## MAP estimators are not truly Bayesian estimators

**T**his morning, I found this question from Ronald in my mailbox

“I have been reading the Bayesian Choice (2nd Edition). On page 166 you note that, for continuous parameter spaces, the MAP estimator must be defined as the limit of a sequence of estimators corresponding to a sequence of 0-1 loss functions with increasingly smaller nonzero epsilons.

This would appear to mean that the MAP estimator for continuous spaces is not Bayes-optimal, as is frequently claimed. To be Bayes-optimal, it would have to minimize the Bayes risk for a single, fixed loss function. Instead, it must be defined using an infinite sequence of loss functions.

Does there exist a formal proof of the Bayes-optimality of the continuous-space MAP estimator-meaning one that is consistent with the usual definition assuming a fixed loss function? I don’t see how there could be. If a fixed loss function actually existed, then a definition requiring a limit would be unnecessary.”

which is really making a good point against MAP estimators. In fact, I have never found MAP estimators very appealing for many reasons, one being indeed that the MAP estimator cannot correctly be expressed as the solution to a minimisation problem. I also find the pointwise nature of the estimator quite a drawback: the estimator is only associated with a local property of the posterior density, not with a global property of the posterior distribution. This is in particular striking when considering the MAP estimates for two different parameterisations. The estimates often are quite different, just due to the Jacobian in the change of parameterisation. For instance, the MAP of the usual normal mean under a flat prior is , for instance , but if one use a logit parameterisation instead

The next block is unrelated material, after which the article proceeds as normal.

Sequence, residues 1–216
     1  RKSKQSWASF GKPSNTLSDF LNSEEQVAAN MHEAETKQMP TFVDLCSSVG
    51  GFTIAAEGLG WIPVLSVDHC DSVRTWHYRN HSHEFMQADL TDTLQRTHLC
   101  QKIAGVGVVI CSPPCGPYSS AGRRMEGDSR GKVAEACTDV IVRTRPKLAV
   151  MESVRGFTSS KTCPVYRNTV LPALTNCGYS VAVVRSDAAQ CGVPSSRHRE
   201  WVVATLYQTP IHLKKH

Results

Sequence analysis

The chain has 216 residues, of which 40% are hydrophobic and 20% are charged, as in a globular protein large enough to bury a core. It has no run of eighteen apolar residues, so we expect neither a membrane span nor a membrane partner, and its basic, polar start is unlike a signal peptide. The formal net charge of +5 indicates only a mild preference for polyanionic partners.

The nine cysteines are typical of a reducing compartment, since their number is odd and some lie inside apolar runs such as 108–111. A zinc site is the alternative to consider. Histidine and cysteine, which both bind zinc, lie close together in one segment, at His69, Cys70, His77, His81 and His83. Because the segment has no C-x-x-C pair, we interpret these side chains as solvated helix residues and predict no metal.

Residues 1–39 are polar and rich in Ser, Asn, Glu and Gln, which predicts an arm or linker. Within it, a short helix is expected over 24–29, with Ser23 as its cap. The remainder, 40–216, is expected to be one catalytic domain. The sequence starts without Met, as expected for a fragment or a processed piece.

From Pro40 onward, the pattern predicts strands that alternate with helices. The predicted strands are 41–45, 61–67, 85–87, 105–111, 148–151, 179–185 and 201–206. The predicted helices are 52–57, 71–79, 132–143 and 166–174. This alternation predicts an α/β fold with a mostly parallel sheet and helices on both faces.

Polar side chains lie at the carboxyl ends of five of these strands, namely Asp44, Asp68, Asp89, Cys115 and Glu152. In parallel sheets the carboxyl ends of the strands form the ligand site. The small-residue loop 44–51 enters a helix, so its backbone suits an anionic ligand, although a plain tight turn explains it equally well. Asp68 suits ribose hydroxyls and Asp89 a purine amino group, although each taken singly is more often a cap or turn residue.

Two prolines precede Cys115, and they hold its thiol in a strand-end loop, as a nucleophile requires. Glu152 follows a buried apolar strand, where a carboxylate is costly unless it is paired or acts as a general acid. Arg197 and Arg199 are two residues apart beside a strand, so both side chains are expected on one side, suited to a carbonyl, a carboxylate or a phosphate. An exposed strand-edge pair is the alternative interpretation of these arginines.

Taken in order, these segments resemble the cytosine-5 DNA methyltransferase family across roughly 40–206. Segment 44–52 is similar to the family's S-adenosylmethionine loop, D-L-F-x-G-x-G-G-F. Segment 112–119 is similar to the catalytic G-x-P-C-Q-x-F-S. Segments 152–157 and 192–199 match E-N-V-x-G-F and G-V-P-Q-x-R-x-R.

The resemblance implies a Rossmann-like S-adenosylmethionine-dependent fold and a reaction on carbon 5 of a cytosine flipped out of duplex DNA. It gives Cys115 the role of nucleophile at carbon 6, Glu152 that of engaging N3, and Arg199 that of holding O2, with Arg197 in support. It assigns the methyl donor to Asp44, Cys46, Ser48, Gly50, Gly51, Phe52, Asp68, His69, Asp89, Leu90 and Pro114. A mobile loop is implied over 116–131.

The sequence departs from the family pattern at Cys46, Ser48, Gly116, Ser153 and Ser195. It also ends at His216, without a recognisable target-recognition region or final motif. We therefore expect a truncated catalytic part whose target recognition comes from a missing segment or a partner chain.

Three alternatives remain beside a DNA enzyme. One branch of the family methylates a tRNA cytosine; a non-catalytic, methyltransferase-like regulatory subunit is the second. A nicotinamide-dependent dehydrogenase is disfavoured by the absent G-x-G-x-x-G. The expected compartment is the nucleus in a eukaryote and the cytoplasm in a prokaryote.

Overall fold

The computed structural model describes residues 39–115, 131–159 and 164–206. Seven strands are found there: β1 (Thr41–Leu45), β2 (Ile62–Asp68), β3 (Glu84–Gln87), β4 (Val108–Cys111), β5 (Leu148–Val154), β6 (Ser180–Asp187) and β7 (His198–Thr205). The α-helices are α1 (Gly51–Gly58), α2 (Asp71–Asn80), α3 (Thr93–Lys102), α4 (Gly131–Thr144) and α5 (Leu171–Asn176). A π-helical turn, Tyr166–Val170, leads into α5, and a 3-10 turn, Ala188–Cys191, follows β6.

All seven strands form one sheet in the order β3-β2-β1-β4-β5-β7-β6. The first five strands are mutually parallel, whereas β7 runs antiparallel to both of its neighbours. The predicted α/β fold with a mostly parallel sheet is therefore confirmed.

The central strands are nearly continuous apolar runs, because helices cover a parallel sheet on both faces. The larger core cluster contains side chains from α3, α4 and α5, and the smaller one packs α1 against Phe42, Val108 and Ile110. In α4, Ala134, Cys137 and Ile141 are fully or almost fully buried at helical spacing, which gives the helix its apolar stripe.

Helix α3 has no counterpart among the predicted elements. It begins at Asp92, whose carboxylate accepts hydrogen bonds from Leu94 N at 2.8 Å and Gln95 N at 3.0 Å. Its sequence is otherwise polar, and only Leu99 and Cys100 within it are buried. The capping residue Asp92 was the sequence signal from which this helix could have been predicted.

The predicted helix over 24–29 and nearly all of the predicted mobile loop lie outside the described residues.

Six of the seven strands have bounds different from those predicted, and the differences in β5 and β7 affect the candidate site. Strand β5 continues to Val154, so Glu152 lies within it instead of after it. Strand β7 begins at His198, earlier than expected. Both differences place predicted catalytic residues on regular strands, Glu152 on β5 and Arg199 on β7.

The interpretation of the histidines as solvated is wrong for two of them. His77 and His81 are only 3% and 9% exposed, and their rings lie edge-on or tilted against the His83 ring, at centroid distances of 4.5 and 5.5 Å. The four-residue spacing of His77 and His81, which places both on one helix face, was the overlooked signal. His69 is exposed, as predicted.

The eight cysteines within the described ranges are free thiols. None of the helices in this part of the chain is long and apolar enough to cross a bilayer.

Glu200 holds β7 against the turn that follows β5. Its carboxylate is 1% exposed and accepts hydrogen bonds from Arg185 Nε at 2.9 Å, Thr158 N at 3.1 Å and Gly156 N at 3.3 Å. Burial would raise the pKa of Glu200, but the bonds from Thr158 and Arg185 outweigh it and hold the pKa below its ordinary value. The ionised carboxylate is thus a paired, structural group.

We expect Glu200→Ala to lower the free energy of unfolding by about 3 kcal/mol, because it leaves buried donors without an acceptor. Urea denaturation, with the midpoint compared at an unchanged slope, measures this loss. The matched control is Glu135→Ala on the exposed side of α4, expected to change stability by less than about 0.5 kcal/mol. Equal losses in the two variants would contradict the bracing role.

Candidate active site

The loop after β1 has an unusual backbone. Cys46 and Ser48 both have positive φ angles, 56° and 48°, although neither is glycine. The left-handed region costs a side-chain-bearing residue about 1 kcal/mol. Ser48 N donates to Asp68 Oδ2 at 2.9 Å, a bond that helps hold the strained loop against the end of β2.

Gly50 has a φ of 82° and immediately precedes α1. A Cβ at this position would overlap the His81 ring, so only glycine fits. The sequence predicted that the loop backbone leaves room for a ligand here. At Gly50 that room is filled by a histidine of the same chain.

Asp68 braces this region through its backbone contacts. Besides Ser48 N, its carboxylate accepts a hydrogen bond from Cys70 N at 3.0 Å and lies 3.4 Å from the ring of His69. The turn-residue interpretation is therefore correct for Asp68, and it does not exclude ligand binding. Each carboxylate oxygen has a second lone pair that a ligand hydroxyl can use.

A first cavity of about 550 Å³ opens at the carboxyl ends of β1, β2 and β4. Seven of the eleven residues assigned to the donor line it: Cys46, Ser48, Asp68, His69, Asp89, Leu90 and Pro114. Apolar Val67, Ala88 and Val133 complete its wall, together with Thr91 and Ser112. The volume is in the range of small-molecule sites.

the MAP in can be quite distinct from , for instance leading to when … Another bad feature is the difference between the marginal MAP and the joint MAP estimates. This is not to sat that the MAP cannot be optimal in any sense, as I suspect it could be admissible as a limit of Bayes estimates (under a sequence of loss functions). But a Bayes estimate itself?!

July 13, 2022 at 11:34 am

What if given a posterior π, we define a function on a manifold M which involves π and also another term. Then when optimization is performed on f we find that the MAP of f is the same of π ?

July 13, 2022 at 2:31 pm

Sorry, I do not understand the proposed resolution.

February 11, 2022 at 7:30 pm

Great example, thanks for sharing!

October 10, 2011 at 12:12 am

[…] there is no fixed value for the parameter!) The statement that the MAP estimator is associated with the 0-1 loss function (footnote 4, p.10) is alas found in many books and papers, thus cannot truly be blamed on the […]

April 25, 2011 at 12:14 am

[…] surprise (or maximum profile likelihood) estimators, and loss functions. I posted a while ago my perspective on MAP estimators, followed by several comments on the Bayesian nature of those estimators, hence […]